A shipwreck has been located on the bottom of the Caribbean Sea off the Colombian coast that may be the long-sought San Jose galleon. Built in 1696, the behemoth located on sonar and with an autonomous underwater vehicle to find the ship. Parts of the original structure are visible on the ocean floor, according to the president's office, along with ballast, bronze cannons, ceramics, porcelain vases and weapons. [Read the full story on the treasure ship]
The San Jose, a 60-gun Spanish galleon, explodes during a battle with the English in June 1708. This oil painting by Samuel Scott depicts the conflagration, which is now known as Wager's Action after the English admiral who attacked the San Jose and her surrounding treasure fleet. The explosion sent tons of gold, silver and precious gems to the bottom of the Caribbean. (Credit: Samuel Scott)
Colombian president Juan Manuel Santos announces the discovery of the wreck of the San Jose at a press conference on Saturday, Dec. 5. According to the president, the shipwreck was identified by its cannons during underwater surveys by Colombian archeologists and international experts.
A U.S. salvage firm claims to have discovered the ship in 1981 and has fought an extended legal battle ever since for rights to the treasure inside, which may be worth between $4 billion and $17 billion. The Colombian government argues that court rulings have upheld its ownership of the treasure; the U.S. firm contends that the matter is not settled and they are owed half the loot. The Spanish government may also make a claim on the haul. (Credit: Colombian Ministry of Culture and the Colombian Institute of Anthropology and History)
Ceramic and porcelain vessels rest among the wreckage thought to belong to the San Jose. The Colombian government has not released the exact location of the shipwreck, but the San Jose went down off the Colombian coast not far from Cartagena. Some 600 men died when the ship erupted in flames and sank rapidly. Most historical sources claim that the San Jose exploded when the English bombardment ignited its powder room. However, the Colombian government said it may have actually taken on water rapidly when English guns breeched its already-damaged hull. A further study of the wreckage may reveal what really happened. (Credit: Colombian Ministry of Culture and the Colombian Institute of Anthropology and History)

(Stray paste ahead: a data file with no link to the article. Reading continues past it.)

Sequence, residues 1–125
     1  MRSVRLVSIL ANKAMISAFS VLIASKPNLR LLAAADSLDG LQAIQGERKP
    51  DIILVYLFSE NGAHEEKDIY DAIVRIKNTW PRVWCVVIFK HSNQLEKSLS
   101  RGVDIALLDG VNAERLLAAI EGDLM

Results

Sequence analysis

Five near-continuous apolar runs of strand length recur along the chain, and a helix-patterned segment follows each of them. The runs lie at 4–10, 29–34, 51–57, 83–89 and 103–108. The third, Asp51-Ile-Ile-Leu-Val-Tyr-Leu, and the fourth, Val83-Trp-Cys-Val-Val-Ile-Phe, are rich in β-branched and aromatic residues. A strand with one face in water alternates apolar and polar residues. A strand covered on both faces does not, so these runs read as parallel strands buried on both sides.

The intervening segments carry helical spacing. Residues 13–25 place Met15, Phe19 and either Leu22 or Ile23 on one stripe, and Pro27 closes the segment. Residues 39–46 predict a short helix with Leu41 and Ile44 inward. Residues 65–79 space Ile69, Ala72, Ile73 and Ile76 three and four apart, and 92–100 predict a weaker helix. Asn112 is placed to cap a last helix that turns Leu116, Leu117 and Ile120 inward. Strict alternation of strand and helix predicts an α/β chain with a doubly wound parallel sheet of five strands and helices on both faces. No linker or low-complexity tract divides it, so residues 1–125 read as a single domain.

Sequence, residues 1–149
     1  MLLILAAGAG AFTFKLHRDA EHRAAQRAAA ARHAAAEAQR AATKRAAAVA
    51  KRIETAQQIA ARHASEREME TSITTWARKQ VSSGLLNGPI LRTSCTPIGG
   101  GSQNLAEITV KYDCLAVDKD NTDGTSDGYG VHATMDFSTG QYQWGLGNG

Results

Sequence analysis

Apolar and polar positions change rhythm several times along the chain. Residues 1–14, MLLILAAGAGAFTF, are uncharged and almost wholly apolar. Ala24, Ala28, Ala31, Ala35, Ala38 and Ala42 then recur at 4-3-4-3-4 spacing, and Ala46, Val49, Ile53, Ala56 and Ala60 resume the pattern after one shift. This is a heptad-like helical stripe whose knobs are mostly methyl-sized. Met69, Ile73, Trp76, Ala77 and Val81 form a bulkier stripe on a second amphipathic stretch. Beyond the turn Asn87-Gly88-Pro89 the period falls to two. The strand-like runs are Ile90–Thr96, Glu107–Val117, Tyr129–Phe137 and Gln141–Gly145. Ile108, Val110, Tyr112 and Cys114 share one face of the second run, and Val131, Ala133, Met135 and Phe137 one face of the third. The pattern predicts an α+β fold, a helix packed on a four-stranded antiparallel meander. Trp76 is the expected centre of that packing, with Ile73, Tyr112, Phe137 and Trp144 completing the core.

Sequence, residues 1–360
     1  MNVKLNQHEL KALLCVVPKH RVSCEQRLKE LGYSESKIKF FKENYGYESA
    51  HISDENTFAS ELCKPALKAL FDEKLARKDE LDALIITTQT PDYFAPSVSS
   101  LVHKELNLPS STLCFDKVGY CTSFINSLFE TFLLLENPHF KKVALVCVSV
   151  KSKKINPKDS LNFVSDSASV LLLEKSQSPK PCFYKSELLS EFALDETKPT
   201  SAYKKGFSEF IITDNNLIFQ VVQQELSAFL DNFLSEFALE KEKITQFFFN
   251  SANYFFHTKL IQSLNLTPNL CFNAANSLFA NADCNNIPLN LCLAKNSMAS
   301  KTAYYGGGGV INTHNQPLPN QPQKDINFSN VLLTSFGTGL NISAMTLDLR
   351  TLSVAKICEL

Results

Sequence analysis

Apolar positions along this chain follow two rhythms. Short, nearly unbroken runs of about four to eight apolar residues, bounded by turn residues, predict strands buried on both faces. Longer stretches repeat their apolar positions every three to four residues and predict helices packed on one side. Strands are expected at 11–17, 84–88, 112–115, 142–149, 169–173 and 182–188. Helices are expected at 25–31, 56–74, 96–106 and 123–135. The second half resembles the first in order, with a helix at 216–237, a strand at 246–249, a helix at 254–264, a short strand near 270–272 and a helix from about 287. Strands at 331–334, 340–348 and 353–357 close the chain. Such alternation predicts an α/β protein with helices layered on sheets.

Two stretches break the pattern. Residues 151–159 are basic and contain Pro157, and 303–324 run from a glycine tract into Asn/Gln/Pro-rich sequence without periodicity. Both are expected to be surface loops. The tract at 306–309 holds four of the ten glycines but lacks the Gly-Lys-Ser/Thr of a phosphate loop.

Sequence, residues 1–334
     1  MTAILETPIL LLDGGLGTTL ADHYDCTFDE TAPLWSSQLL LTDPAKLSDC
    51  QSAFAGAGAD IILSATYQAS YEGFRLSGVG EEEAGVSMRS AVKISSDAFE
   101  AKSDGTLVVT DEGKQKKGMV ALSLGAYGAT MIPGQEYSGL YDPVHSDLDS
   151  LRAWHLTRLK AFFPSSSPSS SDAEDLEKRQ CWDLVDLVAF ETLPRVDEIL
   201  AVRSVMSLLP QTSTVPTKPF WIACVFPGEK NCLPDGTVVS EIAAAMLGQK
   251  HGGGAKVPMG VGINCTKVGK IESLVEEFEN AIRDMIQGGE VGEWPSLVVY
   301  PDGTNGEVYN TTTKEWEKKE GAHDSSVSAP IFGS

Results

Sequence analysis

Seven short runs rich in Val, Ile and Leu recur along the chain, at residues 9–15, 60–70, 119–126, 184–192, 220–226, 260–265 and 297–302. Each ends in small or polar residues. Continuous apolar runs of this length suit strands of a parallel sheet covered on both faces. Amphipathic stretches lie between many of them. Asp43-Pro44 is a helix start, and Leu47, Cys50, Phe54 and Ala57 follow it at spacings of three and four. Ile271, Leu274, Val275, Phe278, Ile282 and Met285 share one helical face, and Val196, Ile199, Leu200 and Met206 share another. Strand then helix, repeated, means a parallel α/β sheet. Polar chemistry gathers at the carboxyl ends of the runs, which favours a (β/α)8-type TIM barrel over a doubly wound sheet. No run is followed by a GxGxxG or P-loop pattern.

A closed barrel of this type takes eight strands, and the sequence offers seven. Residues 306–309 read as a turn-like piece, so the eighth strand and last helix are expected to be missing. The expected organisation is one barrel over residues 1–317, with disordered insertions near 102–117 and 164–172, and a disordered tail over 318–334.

A vessel rests on the seafloor in the wreckage of the San Jose. The ship was carrying an unusually large load of treasure from mines in Peru, which was on its way to Europe to fund Spanish and French forces in the War of Spanish Succession. The war, which ran from 1701 to 1714, was over who would control the Spanish empire after the death of Spanish king Charles II. (Credit: Colombian Ministry of Culture and the Colombian Institute of Anthropology and History)
One of the cannons found in the Colombian shipwreck. The San Jose was a warship, equipped with 60 guns and a crew bristling with weaponry. She was carrying much of the treasure in the armada, while her sister ships the San Joaquin and the Santa Cruz carried smaller amounts. After the San Jose went down, the English captured the Santa Cruz, but found next to no riches aboard. The Santa Cruz evaded the English forces with its treasure. (Credit: Colombian Ministry of Culture and the Colombian Institute of Anthropology and History)
A seafloor image of the shipwreck that the Colombian government has identified as the San Jose. The wreck has yet to undergo an archaeological exploration, leaving questions about what riches might be found. The type and number of bronze cannons found at the site leaves no doubt that ship is the San Jose, according to a statement by Ernesto Montenegro, an archaeologist and head of the Colombian Institute of Anthropology and History. (Credit: Colombian Ministry of Culture and the Colombian Institute of Anthropology and History)
Cannons from the wreck identified as the lost galleon San Jose. The Colombian government has been relatively tightlipped about the discovery, beyond an official news release. In a presentation to the media, the president said that the discovery was "a matter of the Colombian state," and as such, few people would be authorized to speak to the public about the findings. (Credit: Colombian Ministry of Culture and the Colombian Institute of Anthropology and History)
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Stephanie Pappas is a contributing writer for Live Science, covering topics ranging from geoscience to archaeology to the human brain and behavior. She was previously a senior writer for Live Science but is now a freelancer based in Denver, Colorado, and regularly contributes to Scientific American and The Monitor, the monthly magazine of the American Psychological Association. Stephanie received a bachelor's degree in psychology from the University of South Carolina and a graduate certificate in science communication from the University of California, Santa Cruz.